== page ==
Government & Security Risk - Australia faces ongoing economic and national security risks

13 February 2023

Economic challenges
In its 2022-23 Budget, the Albanese Government outlined the challenges set to face Australia—a global economic slowdown, evolving security threats, high inflation, rising interest rates, widespread skills shortages, significant debt, and more frequent natural disasters. At the time, the Treasurer noted the global economy is at a tipping point, with challenging budgets and days ahead for Australia. A recession will impact national revenue but may well be offset by a return to a more positive international relationship with China.

Implementation and review of programs and initiatives
As the Albanese Government enters 2023, in addition to fiscal responsibility, the implementation of strategic initiatives and review of historic programs will be high on the agenda of government departments.

Defence, health and aged care continue to be areas of focus. New aid programs, particularly providing support to the Pacific are being prioritised to improve Australia’s partnerships with Pacific countries. Climate change remains a huge policy and economic challenge, with programs and initiatives to support achievement of reducing emissions by 43% by 2030 and net zero by 2050. The federal government is planning to spend $20bn to ensure the electricity grid is ready for a renewable future, through low-cost financing for new transmission projects.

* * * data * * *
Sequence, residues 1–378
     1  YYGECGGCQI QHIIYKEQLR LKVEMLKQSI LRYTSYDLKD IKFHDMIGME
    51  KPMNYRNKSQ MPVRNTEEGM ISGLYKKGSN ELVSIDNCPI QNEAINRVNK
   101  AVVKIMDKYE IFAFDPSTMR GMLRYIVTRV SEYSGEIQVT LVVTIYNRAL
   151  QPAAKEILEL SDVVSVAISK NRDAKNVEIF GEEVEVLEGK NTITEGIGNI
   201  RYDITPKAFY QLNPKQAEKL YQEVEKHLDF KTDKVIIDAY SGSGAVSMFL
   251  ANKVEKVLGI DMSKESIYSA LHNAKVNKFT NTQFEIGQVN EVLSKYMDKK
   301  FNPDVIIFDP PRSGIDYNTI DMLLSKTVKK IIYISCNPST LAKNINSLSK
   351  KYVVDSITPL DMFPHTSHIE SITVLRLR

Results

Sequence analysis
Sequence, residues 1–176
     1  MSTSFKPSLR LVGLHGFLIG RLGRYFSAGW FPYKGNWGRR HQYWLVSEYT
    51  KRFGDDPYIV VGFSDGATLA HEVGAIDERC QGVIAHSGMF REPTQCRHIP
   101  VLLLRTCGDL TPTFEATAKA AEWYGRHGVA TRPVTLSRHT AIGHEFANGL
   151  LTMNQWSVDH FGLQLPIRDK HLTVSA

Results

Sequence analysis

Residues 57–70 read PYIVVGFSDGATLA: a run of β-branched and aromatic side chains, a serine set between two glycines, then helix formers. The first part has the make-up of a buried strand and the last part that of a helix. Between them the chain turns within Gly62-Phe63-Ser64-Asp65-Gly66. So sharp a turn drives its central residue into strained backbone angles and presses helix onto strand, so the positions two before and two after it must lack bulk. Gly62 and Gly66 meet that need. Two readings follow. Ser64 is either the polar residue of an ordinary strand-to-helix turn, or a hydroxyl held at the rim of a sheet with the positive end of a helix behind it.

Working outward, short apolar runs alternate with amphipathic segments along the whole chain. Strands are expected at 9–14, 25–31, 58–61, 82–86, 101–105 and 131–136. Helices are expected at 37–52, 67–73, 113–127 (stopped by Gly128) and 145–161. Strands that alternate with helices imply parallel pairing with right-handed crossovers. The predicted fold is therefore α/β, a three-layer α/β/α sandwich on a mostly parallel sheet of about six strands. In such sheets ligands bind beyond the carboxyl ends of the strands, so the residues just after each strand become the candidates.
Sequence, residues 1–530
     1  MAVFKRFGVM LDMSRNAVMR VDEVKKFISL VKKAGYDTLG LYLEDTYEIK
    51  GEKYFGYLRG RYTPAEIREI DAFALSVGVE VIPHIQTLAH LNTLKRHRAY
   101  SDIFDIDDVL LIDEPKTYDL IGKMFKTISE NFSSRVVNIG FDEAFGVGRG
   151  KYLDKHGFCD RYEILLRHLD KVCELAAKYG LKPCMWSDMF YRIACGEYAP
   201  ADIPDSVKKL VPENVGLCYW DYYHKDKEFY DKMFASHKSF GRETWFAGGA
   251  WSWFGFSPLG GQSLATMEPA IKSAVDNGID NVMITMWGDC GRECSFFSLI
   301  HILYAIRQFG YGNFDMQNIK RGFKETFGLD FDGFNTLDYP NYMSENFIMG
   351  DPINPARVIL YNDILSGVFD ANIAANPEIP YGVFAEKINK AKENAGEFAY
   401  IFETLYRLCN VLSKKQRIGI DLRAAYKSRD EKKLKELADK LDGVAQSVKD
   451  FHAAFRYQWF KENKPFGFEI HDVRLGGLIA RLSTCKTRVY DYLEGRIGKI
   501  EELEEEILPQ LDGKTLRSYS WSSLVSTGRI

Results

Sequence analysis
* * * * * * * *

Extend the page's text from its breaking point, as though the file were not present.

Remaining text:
Program areas under review include Australia’s infrastructure spend pipeline, with $6.5bn in existing projects being re-profiled, and the National Disability Insurance Scheme, with an independent review focusing on the design, operations and sustainability of the Scheme.

National security
Australia’s security environment will continue to be complex and challenging in 2023. Home Affairs and Cybersecurity Minister Clare O’Neil recently warned that Australia faces a raft of national security challenges and emphasised the significant domestic security implications of the “biggest shift in the global world order since the Second World War”. We note that 2022 was the first time the Australian Security Intelligence Organisation reported espionage and foreign interference, not terrorism, as the most significant domestic security issue.

Such significant changes in the operating environment may require boards and executives to review their security and resilience settings in relation to supply chains, trusted insiders, state-backed cyber actors, coercion, sabotage and foreign interference.